The Barnetts, who live in Louisville, Kentucky, can see the drivers' reactions by recording them on their doorbell cameras. “I live for reactions like this to our snack cart! Thx to all of the delivery drivers out there! We appreciate you!” Toni wrote on an Instagram post.

Recently, one of the Barnetts’ delivery guys, a joyous fellow that we believe is known as Dee, went viral on TikTok because of his positive reaction to receiving some snacks during his deliveries. The snacks are tasty, no doubt. But it’s also wonderful to feel appreciated. After Toni posted the video it received over 100,000 views.

“Oh my God, you guys are the best, I gotta take a snapshot of this,” Dee can be heard saying in the video. “Oh, Capri Suns are my favorite, Yes!”

Keep ReadingShow less
Photo by Roméo A. on Unsplash

Cat hilariously rats out owner in front of the landlord

Maybe it's a right of passage into adulthood or maybe some landlords discriminate against pets because they can't tell people kids are forbidden in their residence. Either way, just about everyone has lived in a rental home that didn't allow pets. Most people just abide by the rules and vow to get a pet when they find a new home.

Some people, on the other hand, get creative. I once came across a post on social media where someone claimed their pit bull puppy was actually a Silver Labrador. But one woman on TikTok was harboring a secret cat in her rental that had a no pets policy, and either her cat was unaware or he was aware and was simply being a jerk.

My money is on the latter since cats are known to be jerks for no reason. I mean, have you ever left something on the counter for a few minutes? They make it their mission to knock it on the floor. So I fully believe this fluffy little meow box wanted to make his presence known in an effort to rat out his owner.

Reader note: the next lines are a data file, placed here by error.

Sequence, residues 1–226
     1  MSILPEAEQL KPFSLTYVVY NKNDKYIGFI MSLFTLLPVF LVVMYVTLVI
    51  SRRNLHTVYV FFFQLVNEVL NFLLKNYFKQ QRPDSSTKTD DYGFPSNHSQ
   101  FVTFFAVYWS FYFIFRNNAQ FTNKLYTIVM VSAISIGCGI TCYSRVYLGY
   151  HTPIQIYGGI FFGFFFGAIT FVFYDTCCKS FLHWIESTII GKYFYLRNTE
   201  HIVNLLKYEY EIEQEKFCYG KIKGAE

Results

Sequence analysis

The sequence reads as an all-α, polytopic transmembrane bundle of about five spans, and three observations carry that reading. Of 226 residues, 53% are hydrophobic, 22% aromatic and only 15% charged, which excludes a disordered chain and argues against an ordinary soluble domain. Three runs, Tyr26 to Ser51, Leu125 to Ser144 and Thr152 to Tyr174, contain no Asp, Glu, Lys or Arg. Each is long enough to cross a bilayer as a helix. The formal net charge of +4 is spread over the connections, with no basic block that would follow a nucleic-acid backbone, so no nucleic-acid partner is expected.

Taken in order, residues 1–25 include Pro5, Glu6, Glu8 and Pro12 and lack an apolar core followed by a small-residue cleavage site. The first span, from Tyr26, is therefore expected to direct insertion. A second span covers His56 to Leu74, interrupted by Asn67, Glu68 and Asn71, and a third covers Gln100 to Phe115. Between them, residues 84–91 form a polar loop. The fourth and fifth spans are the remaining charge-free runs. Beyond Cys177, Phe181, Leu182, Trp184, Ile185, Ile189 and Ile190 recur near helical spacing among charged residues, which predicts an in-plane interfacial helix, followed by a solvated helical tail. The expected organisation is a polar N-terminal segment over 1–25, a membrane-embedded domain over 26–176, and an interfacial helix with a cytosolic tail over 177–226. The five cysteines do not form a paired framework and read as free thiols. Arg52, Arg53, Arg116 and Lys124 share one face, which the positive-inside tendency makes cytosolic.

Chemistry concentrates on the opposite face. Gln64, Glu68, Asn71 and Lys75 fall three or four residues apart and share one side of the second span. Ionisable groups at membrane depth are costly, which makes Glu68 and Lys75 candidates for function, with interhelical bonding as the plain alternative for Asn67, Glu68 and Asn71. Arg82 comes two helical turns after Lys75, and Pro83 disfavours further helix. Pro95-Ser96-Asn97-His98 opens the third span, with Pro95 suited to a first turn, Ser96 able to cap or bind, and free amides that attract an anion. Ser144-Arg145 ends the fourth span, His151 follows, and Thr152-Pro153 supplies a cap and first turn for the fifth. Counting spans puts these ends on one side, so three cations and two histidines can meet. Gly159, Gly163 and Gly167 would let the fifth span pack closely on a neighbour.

Keep ReadingShow less

"Time is the one thing we cannot increase.”

Over his seven years as host of “The Daily Show,” Trevor Noah brought us laughter and valuable insights, even with a pandemic and political upheaval. He made such a positive mark that the announcement of his departure from the show came as bittersweet news to fans.

During an interview with Hoda Kotb of “Today,” Trevor Noah gave further explanation to his personal decision to leave, and in typical Noah fashion, it touched on something universal in the process.

“I realized during the pandemic,” he told Kotb, “everyone talks about a ‘work-life balance.’ But that almost creates the idea that your work and your life are two separate things. When in fact, I came to realize during the pandemic that it’s just a ‘life-life balance.’ It’s just your life.”

Keep ReadingShow less
Photo by Kelly Sikkema on Unsplash
woman holding a cup of tea, writing in a notebook

It's no secret that everyone could use a little kindness in their lives and it can come in many forms. Sometimes it's the neighbor cutting your grass when your husband's away and you're too busy to get to it yourself. Other times it's sending a card to the elderly widow down the street.

One woman in Arkansas has taken to spreading kindness through writing letters to strangers. Allison Bond, 25, started writing letters over a year ago during COVID-19 when she couldn't attend school due to her medical condition. Bond has cerebral palsy and is at greater risk for serious illness should she contract the virus. Writing letters was an act of kindness that didn't require a trip out of the house.

Bond began by writing to soldiers and inmates. In fact, the first letter she received back was from a soldier. Bond told 5News, "I have one framed from a soldier. He had all his battle buddies sign it. So I framed it so I could put it up." She's kept every letter she's received.

Keep ReadingShow less